Putting Gurudeva's Teachings to the Best Use, Part 4
Satguru Bodhinatha Veylanswami , 2003-11-10
Bodhinatha continues his Gurudeva mahasamadhi observances class with this part on the importance of The Master Course Trilogy in helping us establish our foundation of philosophical understanding (Dancing with Siva) and cultured living (Living with Siva) so we can pursue the higher reaches of the yogic path (Merging with Siva). Specifically, the yamas and niyamas need to be mastered to a certain degree before deeper yogas and sought. Without a proper foundation, success will not be lasting.
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Questions? Bodhinatha is the successor of "Gurudeva," Satguru Sivaya Subramuniyaswami. If you have questions on subjects about spiritual life you will find answers in Gurudeva's books and teachings. Learn about ways to study these teachings by visiting The Master Course site or writing to firstname.lastname@example.org.
" 'Dancing with Siva', the first book of the Trilogy, lays out the philosophical Vedic-Agamic beliefs, attitudes and expectations of the Saivite Hindu religion, which is so necessary to understand, adopt and uphold in order to make true progress in the areas discussed in the other two books."
Philosophical understanding comes primarily from Dancing with Siva.
"'Living with Siva', the second book of the Trilogy, concerns itself with Saivite lifestyle, culture, family life, character building and the overcoming of uncomplimentary habits that disturb others as well as oneself. It focuses on yama, niyama in a lesser way, asana and pranayama. For the entire system of Ashtanga Yoga to work, a firm philosophical-cultural foundation, as found in 'Dancing with Siva' and 'Living with Siva', must be subconsciously accepted by the devotee as his own way of looking at and living life, relating it to experience, solving problems, approaching worship and so forth."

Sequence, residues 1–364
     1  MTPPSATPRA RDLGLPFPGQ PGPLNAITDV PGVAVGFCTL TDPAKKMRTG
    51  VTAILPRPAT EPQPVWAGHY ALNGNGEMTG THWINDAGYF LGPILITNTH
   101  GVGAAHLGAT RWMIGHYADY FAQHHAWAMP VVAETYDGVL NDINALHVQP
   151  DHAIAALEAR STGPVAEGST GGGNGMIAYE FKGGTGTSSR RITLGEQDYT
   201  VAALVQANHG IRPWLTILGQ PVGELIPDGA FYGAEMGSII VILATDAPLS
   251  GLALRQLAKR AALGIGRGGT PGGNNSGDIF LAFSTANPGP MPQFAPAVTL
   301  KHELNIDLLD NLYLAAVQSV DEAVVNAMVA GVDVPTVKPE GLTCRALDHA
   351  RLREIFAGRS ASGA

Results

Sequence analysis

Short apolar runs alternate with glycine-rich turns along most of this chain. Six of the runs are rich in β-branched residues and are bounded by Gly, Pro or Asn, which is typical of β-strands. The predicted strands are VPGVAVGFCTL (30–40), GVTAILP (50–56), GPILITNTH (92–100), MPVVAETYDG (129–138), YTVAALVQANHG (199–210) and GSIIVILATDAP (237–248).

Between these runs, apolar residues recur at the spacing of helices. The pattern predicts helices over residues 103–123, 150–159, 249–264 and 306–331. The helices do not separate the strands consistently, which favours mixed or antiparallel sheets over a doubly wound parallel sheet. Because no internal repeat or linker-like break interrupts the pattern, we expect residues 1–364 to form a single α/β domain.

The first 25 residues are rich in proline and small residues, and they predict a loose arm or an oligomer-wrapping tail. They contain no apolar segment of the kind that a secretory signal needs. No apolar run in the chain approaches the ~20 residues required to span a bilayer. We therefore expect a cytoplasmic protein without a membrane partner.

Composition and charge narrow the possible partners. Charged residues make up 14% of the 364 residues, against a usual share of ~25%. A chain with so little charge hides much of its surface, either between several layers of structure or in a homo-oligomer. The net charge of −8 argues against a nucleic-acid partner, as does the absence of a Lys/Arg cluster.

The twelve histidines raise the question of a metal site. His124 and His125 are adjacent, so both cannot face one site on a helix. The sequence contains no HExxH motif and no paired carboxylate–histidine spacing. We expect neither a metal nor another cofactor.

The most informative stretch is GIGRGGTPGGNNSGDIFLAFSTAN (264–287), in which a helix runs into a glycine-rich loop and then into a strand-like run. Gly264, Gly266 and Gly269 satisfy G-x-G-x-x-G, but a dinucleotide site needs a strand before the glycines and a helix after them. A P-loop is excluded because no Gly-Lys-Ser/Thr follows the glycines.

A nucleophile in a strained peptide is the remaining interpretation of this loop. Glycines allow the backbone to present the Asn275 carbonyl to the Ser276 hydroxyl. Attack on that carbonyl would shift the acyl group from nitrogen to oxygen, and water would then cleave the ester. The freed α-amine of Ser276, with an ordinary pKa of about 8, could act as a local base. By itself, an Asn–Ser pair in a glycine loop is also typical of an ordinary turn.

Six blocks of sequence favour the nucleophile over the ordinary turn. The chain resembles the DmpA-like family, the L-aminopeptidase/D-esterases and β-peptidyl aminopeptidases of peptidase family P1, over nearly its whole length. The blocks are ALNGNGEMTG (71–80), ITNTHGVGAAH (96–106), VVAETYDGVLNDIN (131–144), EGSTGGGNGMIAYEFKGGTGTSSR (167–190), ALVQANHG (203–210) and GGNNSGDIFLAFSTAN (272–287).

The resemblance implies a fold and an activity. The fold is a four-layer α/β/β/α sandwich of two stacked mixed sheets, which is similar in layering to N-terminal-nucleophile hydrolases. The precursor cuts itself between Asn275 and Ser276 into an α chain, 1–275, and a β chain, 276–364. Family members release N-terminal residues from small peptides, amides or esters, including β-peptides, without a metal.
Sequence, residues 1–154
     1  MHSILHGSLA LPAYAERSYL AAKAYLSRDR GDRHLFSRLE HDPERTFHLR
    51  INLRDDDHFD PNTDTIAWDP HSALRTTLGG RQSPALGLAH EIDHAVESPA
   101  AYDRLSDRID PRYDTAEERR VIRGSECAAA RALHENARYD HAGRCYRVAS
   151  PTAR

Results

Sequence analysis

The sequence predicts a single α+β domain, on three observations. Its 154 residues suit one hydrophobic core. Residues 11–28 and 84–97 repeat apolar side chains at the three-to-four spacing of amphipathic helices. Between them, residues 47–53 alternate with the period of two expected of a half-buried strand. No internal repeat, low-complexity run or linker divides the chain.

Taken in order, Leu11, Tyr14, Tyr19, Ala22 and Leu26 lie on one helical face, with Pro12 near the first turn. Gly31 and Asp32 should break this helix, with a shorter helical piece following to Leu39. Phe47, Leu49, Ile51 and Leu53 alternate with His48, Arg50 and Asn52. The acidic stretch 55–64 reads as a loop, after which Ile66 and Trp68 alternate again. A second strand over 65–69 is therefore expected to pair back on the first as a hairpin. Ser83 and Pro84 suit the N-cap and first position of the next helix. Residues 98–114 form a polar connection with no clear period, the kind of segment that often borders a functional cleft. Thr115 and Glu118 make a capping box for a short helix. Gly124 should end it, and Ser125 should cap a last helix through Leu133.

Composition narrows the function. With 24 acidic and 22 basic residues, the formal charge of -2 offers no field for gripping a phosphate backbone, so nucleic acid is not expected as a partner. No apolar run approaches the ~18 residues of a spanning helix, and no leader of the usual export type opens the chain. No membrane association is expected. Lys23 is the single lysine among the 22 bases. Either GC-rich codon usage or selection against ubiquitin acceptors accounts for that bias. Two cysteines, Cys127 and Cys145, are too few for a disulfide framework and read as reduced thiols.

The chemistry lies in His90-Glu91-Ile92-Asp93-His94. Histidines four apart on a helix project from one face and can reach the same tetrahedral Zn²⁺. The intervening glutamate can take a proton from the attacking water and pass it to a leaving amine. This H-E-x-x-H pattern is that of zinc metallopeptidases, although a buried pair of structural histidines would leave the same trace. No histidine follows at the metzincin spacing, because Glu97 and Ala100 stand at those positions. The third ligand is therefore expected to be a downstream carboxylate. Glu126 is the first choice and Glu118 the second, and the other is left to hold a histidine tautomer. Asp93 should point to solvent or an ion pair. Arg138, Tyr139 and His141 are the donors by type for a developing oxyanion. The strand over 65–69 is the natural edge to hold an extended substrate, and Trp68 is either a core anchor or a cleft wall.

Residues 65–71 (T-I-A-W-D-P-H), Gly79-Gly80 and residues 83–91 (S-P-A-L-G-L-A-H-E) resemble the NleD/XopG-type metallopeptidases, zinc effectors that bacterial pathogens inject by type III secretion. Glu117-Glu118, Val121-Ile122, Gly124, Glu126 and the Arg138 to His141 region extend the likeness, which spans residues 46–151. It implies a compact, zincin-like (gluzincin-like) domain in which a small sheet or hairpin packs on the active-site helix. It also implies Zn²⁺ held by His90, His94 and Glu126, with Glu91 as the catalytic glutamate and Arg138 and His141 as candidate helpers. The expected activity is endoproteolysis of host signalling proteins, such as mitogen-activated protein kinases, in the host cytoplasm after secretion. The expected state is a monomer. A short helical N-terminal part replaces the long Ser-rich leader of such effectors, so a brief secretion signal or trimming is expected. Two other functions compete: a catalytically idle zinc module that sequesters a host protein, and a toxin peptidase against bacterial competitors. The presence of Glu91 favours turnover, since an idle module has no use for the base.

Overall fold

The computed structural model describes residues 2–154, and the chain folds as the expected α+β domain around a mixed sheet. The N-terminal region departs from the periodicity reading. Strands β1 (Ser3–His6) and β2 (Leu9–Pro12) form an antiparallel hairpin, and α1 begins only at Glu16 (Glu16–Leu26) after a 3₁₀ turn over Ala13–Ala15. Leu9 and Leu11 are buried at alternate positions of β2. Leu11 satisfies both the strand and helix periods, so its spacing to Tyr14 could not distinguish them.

Okay, so that is a lot there!
'Living with Siva' encourages us to live a cultured life, Saivite culture. As Gurudeva says, "What is character? Character is the ability to act with care." It is a nice definition of character. Or a cultured person is someone who is gentle, not crude, not upsetting people all the time, a cultured person. 'Living with Siva' helps us become more and more cultured, more and more refined in our everyday actions. Because one of the qualities of Hinduism is that Hinduism is a way of life. We cannot practice our Hinduism one day a week or one hour a week, it permeates everything we do.
It is like the Hindu businessman. What is up on the shelf? Ganesha. There is a shrine there. Why? He wants Hinduism to permeate his business. His business is not separate from his religion. Likewise, when we go to school. Hinduism should permeate our approach to school, how we learn and how we strive and how we prepare for tests. Hinduism should permeate our lives, 24 hours a day and all our actions. That is the idea of living with Siva. Hinduism is not a compartment of our life. It permeates all of our life and helps us live in a more refined, cultured, harmonious, loving way.